Kodubale with Sridharan ~ Fried snack from Karnataka

by on September 15, 2014

There is something magical about featuring the first of any series – be it small or large! This is the first recipe to be featured in my new column ‘His Ladle Love’ at Harmony Magazine. So from now on, for a year, I have the pleasure of meeting silver men who like to cook.


I met Mr NS Sridharan from Bangalore who shared this recipe of Kodubale at the end of the interview. This fried snack from Karnataka is a traditional offering. Delicious magical rings, hand-rolled to perfection and fried a crisp golden brown in hot oil – simply irresistible.


Every interview brings new insights and new learning. I was amazed to learn that fresh coconut is added in this dough and yet the rings can be consumed for weeks. Apart from fresh coconut burfi, I have simply presumed that dried coconut or khopra is added in recipes which are prepared and preserved, and that fresh coconut recipes should be consumed within a day or two. Glad to unlearn this :).


This recipe uses a little less than 1 kg of mixed flour from which approx 125 kodubale can be prepared. Mr Sridharan says that since it is a snack that can be preserved for a few weeks, it is generally prepared in large quantities. To make fewer kodubale, reduce the quantities accordingly.


Kodubale ~ fried snack from Karnataka

Kodubale ~ fried snack from Karnataka


  • Plain flour (maida) – 500 gms
  • Rice flour – 250 gms
  • Jains can prepare this recipe during Paryushan by using khopra instead of fresh coconut, but in lesser quantity.
  • Semolina (chiroti rava) – 125 gms
  • Sesame seeds – 25 gms
  • Cumin seeds – 15 gms
  • Coconut – one small (or half of a large coconut)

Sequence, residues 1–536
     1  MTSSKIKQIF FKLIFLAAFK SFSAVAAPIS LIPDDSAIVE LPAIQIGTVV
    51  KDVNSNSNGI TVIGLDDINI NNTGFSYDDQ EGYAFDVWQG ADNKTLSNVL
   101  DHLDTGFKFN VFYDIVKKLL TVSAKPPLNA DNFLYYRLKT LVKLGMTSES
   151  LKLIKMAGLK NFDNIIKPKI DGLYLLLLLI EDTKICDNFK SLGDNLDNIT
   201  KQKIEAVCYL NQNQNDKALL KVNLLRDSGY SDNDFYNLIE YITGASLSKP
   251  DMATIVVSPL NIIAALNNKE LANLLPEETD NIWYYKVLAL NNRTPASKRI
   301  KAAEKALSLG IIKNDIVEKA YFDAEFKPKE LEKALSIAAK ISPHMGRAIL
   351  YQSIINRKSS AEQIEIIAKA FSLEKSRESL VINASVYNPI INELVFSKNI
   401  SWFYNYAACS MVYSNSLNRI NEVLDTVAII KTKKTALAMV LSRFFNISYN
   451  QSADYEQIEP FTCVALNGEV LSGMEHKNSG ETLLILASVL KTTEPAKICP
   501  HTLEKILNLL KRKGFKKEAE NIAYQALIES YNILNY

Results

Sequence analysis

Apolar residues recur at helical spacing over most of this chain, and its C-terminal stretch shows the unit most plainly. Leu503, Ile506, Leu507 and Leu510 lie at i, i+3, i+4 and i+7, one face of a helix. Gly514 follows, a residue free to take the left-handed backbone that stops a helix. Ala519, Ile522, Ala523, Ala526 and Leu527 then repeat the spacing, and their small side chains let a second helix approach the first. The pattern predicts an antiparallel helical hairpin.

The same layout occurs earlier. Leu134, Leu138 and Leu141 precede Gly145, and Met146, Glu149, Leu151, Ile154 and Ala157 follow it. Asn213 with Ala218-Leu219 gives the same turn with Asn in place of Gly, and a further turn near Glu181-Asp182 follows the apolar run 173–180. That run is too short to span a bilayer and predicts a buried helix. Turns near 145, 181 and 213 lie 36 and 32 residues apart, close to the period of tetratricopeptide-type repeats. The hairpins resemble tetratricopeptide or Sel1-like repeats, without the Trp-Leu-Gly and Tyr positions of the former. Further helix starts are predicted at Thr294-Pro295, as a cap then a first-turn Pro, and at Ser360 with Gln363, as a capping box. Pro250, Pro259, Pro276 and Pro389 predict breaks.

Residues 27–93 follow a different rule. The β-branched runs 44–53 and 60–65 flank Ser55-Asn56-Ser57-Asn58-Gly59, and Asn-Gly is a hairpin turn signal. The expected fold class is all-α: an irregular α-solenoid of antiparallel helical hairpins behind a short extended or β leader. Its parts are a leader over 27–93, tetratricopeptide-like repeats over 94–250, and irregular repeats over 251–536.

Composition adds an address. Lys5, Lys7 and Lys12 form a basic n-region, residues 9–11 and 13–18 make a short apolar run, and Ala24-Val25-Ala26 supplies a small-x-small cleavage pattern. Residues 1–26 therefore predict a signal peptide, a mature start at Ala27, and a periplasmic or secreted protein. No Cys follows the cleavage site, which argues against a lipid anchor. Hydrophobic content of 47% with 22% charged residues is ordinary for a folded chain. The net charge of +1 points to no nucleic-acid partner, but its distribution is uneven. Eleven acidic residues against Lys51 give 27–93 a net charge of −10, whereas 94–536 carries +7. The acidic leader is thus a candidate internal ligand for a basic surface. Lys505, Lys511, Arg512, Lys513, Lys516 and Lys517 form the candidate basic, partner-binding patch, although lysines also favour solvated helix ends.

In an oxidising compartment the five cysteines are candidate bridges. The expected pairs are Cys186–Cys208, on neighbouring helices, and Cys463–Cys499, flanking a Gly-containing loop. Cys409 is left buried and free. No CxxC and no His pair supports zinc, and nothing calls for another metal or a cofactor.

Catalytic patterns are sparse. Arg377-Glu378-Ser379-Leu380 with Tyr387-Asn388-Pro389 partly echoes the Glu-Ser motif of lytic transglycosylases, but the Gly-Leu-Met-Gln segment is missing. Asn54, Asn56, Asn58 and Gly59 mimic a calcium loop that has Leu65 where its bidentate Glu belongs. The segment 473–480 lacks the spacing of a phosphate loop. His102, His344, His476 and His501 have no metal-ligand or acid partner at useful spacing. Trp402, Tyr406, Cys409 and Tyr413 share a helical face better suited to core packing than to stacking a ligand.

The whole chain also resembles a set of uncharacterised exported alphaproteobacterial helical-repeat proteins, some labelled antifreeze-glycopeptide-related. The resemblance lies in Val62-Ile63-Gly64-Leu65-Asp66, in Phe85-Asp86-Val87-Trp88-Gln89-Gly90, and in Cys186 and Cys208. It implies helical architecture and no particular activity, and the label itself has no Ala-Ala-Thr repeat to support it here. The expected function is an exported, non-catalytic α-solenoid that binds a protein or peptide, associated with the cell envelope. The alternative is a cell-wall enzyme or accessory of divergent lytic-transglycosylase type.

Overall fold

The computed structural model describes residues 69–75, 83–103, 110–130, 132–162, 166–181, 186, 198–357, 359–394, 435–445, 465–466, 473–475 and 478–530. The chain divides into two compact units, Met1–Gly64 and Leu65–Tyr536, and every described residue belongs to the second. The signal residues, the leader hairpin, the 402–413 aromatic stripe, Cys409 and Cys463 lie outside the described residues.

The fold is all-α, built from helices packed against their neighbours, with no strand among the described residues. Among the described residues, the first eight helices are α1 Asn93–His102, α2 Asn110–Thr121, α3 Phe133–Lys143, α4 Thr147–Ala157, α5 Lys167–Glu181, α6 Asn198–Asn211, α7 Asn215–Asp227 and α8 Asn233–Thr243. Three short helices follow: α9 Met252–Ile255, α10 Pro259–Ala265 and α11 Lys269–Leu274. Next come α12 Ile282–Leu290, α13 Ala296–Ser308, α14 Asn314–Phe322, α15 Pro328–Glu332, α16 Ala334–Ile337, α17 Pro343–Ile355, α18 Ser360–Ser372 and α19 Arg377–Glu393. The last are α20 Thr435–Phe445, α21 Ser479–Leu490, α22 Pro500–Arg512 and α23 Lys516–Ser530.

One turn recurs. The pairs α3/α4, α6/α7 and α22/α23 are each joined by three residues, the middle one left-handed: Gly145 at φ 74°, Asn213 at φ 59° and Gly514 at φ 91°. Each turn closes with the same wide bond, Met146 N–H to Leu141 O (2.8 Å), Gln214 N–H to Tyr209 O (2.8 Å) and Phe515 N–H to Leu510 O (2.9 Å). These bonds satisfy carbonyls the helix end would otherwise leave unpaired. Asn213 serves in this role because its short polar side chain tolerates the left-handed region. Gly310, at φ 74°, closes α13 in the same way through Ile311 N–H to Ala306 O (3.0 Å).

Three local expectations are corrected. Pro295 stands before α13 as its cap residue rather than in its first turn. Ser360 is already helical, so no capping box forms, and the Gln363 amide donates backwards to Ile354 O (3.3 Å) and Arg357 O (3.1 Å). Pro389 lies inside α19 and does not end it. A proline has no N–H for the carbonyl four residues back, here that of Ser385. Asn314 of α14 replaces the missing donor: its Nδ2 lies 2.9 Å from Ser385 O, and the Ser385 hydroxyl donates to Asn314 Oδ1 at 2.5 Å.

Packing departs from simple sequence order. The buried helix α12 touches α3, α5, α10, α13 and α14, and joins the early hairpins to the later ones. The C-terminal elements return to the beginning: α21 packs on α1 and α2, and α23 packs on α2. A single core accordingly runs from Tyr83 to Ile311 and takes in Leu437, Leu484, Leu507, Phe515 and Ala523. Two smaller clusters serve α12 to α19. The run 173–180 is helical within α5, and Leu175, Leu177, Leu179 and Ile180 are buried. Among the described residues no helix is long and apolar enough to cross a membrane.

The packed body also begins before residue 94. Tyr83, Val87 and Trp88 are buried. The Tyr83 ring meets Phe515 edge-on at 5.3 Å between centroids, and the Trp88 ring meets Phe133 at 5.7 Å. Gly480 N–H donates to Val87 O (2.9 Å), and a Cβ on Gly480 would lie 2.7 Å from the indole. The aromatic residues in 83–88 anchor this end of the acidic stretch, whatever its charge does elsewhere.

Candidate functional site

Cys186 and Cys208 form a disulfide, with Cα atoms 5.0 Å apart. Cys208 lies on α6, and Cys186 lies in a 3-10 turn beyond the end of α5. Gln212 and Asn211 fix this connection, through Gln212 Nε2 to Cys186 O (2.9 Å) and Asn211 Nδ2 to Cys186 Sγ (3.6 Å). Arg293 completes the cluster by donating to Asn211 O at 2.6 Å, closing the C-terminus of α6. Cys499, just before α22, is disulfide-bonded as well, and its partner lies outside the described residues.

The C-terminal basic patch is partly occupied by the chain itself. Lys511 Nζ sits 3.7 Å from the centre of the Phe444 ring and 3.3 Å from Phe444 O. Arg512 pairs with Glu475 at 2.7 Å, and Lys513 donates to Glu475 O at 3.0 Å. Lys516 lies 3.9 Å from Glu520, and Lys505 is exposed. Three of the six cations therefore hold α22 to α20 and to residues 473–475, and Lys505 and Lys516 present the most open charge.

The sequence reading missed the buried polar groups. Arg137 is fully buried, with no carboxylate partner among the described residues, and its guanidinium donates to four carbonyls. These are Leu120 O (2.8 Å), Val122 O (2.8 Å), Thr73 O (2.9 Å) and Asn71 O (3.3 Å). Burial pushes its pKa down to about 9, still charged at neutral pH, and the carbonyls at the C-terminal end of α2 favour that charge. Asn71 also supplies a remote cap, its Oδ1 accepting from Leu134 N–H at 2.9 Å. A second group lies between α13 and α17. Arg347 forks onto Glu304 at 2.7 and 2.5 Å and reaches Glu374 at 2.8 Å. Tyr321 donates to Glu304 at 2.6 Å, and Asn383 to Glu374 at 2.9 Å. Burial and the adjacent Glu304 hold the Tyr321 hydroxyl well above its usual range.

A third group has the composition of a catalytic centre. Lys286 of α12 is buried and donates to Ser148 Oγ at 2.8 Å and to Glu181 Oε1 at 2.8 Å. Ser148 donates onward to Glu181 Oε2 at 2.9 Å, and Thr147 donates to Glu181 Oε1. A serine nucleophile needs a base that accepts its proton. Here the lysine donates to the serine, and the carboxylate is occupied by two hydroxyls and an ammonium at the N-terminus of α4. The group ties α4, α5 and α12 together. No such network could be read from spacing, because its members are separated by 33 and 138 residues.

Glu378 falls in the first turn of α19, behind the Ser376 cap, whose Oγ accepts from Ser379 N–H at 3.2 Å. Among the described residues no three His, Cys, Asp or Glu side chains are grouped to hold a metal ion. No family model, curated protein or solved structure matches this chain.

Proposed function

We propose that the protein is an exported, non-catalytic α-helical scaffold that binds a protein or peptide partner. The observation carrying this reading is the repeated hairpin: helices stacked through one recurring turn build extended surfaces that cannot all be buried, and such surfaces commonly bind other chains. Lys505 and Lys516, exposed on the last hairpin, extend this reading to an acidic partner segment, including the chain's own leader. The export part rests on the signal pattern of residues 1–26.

• Chilli powder – 2 tsp (Mr. Sridharan prefers the mankattiro variety of chilli powder which is quite spicy and hence he adds just 1 tsp)
  • Asafoetida powder – ¼ tsp
  • Salt – 15-20 gms
  • Oil – ¼ cups
  • Salt to taste
  • Oil for deep frying – ½ kg


  1. Mix the rice flour, semolina and plain flour, add the sesame and cumin seeds.
  2. Add 1 ladle (approx ¼ cup) of hot oil. Mix well. To test the exact quantity of oil, you can take a fistful of flour and press it in your palm, it should hold well without crumbling immediately. If it crumbles, add some more oil and test again.
  3. Grind the coconut, chilli powder, asafoetida and salt into a fine paste with as little water as necessary.
  4. Add this coconut mixture into the flour mixture and knead into dough.
  5. Add a little water if required. Knead well so that the dough becomes soft and smooth. Cover with a damp cloth so that it does not dry up.
  6. Add ½ kg oil for deep frying in a large thick-bottomed wok (kadhai) and turn on the flame.
  7. On the other side, roll large marble-sized portions of the dough into thin cylinders approx ¼ inch thick and 2½ inches long. Join the ends and pinch them together to make a circle. You can roll the dough on a wooden board and place them on a plate.
  8. Check if the oil is hot enough though it should not be smoking hot.
  9. When a dozen pieces are ready, drop them one by one in the hot oil. You can fry 12-15 kodubale at a time. They will immediately rise to the surface. Now lower the flame and allow the kodubale to fry in medium flame. You can turn the kodubale a few times so that they turn an even colour. When they are fried to golden brown on both the sides, remove them from the oil. It takes around 5-6 minutes per batch.
  10. Place them on a plate lined with absorbent tissues to remove excess oil.
  11. Fry the remaining batches of kodubale in the same manner. While one batch is being fried, the next batch has to be rolled out and kept ready for frying.
  12. Cool the kodubale to room temperature and store immediately in air-tight containers.

3X1A0009(His Ladle Love - Sridharan NS)

Mr Sridharan says if made right, the kodubale stay fresh for up to a fortnight. If they are fried in palm oil (popularly available as Ruchi gold oil), they remain crisp for a month.


This recipe was first published in His ladle love – a column in Harmony Magazine. Part-1 of this post is a very interesting interview with N.S. Sridharan, a Mysore Iyengar from Bangalore whose philosophy is slow cooking.


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